A clump of poa annua with seedheads.
What Threat Will Poa Pose to my Lawn?
While most weeds are more a symptom of a bigger lawn issue than an issue for the lawn themselves, poa annua and poa trivialis can in fact be a threat to a healthy lawn because of how aggressively it grows during the fall and winter. As stated in a Purdue Extension publication, from late fall into early spring, poa annua can and will outcompete all other types of turf. This can be detrimental to a fescue lawn in RVA because as baby fescue grass tries to develop after fall seeding, it is crowded out and killed off by the aggressively competing poa.
The biggest issue with fescue being crowded out by invasive poa is that once the poa dies off in the spring, all that will be left in its place is a bare spot in the lawn. Because most fescue varieties do not have the ability to spread laterally and fill in their own holes, this bare spot will remain in the lawn until it is reseeded in the fall. At that point, new poa is likely to develop, and the cycle will continue all over again. In the meantime, weeds that take advantage of bare spots like crabgrass, dandelions, and others will develop continually during the spring and summer.
Turf type tall fescue (dark green) being crowded by a mix of poa annua and poa trivialis (light green).
What Can I Do about POA
Because they are in the bluegrass family, poa annua and poa trivialis are more difficult to treat than standard weeds due to the limited types of selective herbicides that target poa without damaging the desired species of turf in the lawn. These selective products like Tenacity and PoaConstrictor can be effective in reducing and eliminating that season’s crop of poa annua, but it can be a several season process to completely remove it from the environment due to its high seed production. Because poa needs to be treated in the window of time during which baby grass is still sensitive after fall seeding, herbicide application should be done cautiously if at all. Additionally, specialty weed control products are often a higher cost and priced as an ancillary treatment by professional companies.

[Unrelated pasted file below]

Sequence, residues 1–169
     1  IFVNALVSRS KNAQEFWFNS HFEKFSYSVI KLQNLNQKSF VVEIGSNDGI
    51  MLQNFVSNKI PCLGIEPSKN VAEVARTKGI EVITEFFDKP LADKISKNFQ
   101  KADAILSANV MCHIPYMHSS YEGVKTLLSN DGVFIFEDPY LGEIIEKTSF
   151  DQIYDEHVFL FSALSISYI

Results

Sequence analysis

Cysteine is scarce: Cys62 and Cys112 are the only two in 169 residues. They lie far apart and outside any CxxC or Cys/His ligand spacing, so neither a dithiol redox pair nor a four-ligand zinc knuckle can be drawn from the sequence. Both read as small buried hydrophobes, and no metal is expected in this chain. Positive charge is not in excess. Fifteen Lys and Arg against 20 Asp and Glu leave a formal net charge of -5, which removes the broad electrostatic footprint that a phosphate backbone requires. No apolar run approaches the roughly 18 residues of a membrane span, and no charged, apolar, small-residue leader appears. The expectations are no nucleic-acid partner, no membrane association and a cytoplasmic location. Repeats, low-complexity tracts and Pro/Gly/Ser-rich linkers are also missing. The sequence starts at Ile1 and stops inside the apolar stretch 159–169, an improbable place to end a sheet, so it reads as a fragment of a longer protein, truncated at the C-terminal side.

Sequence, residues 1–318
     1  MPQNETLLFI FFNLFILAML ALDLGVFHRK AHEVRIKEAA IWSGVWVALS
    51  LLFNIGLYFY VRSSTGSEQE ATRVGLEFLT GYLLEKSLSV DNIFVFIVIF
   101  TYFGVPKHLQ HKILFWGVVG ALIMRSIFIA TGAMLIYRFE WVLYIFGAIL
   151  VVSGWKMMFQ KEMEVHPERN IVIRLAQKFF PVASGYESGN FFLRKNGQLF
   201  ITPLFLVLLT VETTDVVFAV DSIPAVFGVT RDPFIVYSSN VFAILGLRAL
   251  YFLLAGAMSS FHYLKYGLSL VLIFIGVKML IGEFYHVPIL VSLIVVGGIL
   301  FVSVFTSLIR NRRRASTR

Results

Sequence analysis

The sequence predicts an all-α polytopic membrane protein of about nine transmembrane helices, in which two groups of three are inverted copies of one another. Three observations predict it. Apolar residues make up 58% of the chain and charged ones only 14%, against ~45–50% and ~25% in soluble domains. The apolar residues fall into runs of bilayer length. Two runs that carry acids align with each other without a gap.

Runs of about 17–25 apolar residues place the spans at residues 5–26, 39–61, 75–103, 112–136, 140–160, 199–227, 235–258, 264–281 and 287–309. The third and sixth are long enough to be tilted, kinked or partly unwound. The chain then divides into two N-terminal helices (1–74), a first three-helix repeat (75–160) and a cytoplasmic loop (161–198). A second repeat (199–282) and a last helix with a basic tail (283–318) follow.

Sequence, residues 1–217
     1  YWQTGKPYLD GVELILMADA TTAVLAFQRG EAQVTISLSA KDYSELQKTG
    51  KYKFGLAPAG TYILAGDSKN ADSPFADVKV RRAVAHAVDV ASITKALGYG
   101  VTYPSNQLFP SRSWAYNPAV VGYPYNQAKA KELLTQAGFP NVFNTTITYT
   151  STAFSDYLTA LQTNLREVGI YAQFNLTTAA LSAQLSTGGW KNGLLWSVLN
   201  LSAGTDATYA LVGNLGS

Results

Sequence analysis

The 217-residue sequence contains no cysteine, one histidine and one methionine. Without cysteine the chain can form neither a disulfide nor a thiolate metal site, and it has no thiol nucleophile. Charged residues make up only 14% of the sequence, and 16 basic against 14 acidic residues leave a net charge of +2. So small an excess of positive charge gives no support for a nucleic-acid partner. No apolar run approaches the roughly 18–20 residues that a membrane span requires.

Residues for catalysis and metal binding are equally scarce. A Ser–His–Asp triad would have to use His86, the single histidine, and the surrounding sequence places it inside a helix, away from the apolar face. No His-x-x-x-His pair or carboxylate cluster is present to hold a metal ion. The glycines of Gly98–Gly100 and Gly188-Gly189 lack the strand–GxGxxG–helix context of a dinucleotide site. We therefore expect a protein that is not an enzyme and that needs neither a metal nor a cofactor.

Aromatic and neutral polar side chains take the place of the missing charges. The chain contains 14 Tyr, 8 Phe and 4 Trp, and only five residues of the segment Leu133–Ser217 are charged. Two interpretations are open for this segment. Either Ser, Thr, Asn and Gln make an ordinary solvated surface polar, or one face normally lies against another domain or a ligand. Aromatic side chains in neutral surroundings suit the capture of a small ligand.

Due to the cost and timing concerns when treating poa annua and poa trivialis chemically, the best method for reducing its occurrence is to reduce the conditions that encourage its growth. By mowing at a high setting, watering deeply, and employing a turf management program like PPLM’s that reduces compaction and thickens turf with organically based, carbon rich treatments, a lawn will be more habitable for the desired fescue and less habitable for undesired poa annua, poa trivialis, and other weeds. A healthy lawn is a happy lawn, and a happy lawn will have a better chance of keeping the poa at bay.
A mix of poa annua (light green) and fescue (dark green).